I harnessed up and tied in with the glacier line around a stout tree. Please be clear, it is not my intention to rope off and start popping off slides on purpose. A safety line is in every guide’s pack and is an extremely important tool for any back country traveler. Not to mention, it is the 8th Commandment in Bruce Tremper’s “Staying Alive in Avalanche Terrain”: “Thou shalt use a Belay rope! Most serious avalanche professionals carry and use a belay rope.”
I am not an avalanche professional (yet), but I do posses the knowledge and self-preservation skills to have a 30m glacier line as a part of my BC toolkit. Hopefully it’s a last resort preventative from crack, pop, pin-ball ride through trees and a push off a cliff.
I dug a pit in what could be the sweet spot of a likely starting zone. During the careful descent amongst sloughing loose snow and little failures of the top layer my observations showed that there weren’t any cracks propagating off into the distance, but the small failures under my skis were enough to be wary of.
Got settled in, dug the “pit” and started to gather some data. There are presently as of 1/10/2012, 3:00pm above 11,400 ft. East Vail Proper, three layers to this shallow 70cm “snow pack”. The bottom 30cm is basically larger facets slightly bonded resting on depth hoar. The next 30-55/60cm are comprised of faceted loose grains and the very top layer 55-70cm is the last storm accumulation. The exposed snow is already riddled with surface hoar. Doesn’t look too great for the future, but some avi cycles are likely to occur with a big snow and flush this particular zone of some of those pesky white dragons for the time being. The snow pack is constantly changing and this does not mean that those dragons will not creep back into the mix in the future. So, beware.
An isolated column test resulted in the top 58-70cm layer failing after four shots from the wrist. Not too surprising, while the break was not completely a shear one (Q3). Four shots from the elbow failed at the 30-58cm range, again not a clean break (Q3). Under the right conditions, I’m sensing a collapse in these weaker layers after a good snowfall, or a human loads them.
For the real snow nerds out there (myself included), I measured the temps of the pack to see if there were any major gradients. Chose to use 20cm increments to measure within the noticeable layers and came up with 0 deg. Celsius at 10cm, -1.7 at 30cm, -3.4 at 50cm and -6 at 70cm. Towards the bottom 10-30cm that’s 8.5 deg/m, 17 deg/m in the middle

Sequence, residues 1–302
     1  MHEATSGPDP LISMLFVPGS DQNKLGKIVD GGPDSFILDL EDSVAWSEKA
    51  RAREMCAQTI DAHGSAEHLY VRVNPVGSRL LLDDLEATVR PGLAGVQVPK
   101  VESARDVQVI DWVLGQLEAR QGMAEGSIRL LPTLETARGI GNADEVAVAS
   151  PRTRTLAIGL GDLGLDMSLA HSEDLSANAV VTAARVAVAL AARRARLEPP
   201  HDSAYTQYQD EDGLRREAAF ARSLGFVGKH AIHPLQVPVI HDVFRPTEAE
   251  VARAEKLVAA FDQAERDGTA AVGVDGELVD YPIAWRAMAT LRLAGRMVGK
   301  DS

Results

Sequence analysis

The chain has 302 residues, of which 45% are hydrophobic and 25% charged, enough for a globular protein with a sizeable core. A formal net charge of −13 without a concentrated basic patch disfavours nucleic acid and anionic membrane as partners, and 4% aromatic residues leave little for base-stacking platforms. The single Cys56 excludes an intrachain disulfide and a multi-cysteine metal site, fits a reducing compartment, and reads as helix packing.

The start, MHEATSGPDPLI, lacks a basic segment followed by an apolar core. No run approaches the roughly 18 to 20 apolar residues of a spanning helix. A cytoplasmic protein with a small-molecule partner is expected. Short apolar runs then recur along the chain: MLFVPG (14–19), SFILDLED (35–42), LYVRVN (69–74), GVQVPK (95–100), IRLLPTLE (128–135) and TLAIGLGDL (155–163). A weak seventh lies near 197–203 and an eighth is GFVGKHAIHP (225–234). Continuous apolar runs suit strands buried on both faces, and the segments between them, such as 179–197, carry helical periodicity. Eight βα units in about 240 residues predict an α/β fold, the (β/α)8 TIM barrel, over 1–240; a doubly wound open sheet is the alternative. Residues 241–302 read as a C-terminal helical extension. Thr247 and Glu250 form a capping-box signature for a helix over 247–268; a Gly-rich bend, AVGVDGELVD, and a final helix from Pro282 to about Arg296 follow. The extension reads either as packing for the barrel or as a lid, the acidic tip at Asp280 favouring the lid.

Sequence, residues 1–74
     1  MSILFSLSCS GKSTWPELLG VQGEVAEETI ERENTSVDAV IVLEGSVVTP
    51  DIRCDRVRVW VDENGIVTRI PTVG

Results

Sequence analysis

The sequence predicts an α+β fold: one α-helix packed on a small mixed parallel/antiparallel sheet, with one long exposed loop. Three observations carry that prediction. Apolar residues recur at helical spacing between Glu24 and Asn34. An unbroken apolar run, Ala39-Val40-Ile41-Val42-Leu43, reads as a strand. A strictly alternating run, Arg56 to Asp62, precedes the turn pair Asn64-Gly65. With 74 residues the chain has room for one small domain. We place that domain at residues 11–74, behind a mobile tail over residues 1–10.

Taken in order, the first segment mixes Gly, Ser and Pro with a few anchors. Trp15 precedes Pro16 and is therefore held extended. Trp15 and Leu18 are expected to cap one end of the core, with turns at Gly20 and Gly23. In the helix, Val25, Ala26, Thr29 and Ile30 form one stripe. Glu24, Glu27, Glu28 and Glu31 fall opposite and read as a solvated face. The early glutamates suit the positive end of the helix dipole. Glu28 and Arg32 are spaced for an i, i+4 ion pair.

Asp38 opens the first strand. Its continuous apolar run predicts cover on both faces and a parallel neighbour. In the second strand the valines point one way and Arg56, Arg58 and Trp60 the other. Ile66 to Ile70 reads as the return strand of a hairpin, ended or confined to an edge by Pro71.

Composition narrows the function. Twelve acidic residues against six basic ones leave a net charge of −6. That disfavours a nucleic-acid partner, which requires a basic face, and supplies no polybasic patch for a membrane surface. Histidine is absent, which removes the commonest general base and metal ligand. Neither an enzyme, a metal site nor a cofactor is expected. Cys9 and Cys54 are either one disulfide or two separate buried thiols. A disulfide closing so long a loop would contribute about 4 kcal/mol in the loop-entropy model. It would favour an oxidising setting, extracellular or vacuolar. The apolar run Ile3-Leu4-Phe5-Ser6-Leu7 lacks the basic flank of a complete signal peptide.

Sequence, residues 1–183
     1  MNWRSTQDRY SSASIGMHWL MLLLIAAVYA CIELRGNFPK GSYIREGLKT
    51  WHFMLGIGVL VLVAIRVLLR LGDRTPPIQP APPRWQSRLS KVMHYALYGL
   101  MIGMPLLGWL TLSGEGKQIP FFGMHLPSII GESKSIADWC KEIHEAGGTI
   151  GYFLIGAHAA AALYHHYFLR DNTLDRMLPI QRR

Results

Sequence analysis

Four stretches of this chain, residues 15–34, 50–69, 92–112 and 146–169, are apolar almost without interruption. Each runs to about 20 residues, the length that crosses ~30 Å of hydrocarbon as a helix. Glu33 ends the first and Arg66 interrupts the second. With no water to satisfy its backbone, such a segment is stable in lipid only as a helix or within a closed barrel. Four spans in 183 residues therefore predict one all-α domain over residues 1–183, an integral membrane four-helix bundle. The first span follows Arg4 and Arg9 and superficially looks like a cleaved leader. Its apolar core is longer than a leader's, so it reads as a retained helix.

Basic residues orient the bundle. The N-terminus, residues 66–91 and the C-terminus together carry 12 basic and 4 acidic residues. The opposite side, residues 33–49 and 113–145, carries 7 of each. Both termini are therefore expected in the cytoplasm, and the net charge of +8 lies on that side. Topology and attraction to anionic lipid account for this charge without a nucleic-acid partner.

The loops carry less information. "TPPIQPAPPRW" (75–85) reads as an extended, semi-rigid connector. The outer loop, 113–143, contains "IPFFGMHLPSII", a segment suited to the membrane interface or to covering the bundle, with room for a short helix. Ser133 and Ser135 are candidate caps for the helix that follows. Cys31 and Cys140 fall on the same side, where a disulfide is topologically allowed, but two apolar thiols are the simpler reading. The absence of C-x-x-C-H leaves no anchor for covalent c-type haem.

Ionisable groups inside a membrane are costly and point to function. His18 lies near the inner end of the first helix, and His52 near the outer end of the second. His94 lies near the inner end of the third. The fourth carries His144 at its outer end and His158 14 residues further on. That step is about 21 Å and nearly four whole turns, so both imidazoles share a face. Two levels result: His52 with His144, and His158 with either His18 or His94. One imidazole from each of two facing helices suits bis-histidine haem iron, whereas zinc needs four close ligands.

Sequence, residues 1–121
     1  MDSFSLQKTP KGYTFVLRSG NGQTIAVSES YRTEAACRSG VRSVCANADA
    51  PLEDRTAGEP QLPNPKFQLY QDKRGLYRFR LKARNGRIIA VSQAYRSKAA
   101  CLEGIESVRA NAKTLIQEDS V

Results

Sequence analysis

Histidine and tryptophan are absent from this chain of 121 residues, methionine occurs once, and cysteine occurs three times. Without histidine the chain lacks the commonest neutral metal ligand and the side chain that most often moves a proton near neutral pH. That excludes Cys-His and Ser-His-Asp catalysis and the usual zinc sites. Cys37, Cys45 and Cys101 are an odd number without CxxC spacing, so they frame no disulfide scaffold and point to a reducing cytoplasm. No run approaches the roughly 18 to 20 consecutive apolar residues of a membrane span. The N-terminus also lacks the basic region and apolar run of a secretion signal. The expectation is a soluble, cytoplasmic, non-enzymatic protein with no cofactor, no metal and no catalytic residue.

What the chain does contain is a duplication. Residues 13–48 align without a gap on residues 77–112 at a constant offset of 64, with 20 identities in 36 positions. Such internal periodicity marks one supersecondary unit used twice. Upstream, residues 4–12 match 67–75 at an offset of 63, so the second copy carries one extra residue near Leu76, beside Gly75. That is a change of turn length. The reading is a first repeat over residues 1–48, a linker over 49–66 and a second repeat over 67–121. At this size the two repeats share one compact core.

and 13 deg/m at the top. The numbers below 30cm represent a weak temp gradient (<10 deg. C/m). The rest of the snow pack has a strong temp gradient (>10 deg. C/m), and results in a loss of strength with facet formation. Math aside, we have plenty of weak snow to make conditions unfavorable in the future.
Cautiously negotiating my away from terrain traps and cliff bands, I skied my way to the lower angled aspect of East Abe’s and made some really fun turns. Crossing the creek and sticking skier’s right, I rode through the deeper shaded snow amongst the short pines until the waterfall. The ride was sugary and mellow. After the falls, the traverse left into the woods and the scarcely packed ski trail was extremely variable. We definitely need some serious snow in those woods to make the ride back to the bus a little less rough. The last bit of the trail is packed down by some snowmobiles and make the last portion along the water tower a welcoming slide home.
Not bad for my first “benchmark to water tower” trip of the year. Grand from afar, far from grand. It will be interesting to see how the snow pack in the zone evolves and how conditions will change as our season trudges on. Glad I was able to take the afternoon for some recon and gauge conditions until the next storm. Until then, keep it safe and pray for more snow!
With the holiday crowds closing in, I skinned my way up to Mushie two days in a row to check out the snow on both the West and North aspects in the gladed 20-30 degree terrain for something to do. The ridge top had variable areas of 10 cm wind board on facets to soft wind blown crust over, you geussed it, more facets, to dirt patches. The first five upper low angle turns off the ridgeline were decent, fresh turns on stale cake. As the pitches steepened and rolled toward the cliff band that runs in the middle of Mushroom Bowl, the skiing turned to a barely covered nightmare of no more than 60 cms of 2mm facets on rocks and fallen trees. The best way to describe a weighted ski turn two thirds of the way down is hitting a sandcastle with a baseball bat. The snow looses cohesion, disintegrates under the weight and the facets run to the dirt in a glittering hiss below the turn. A frightening prospect for a basal layer for our snow pack when (think positive) our weather cycle does turn back to snow.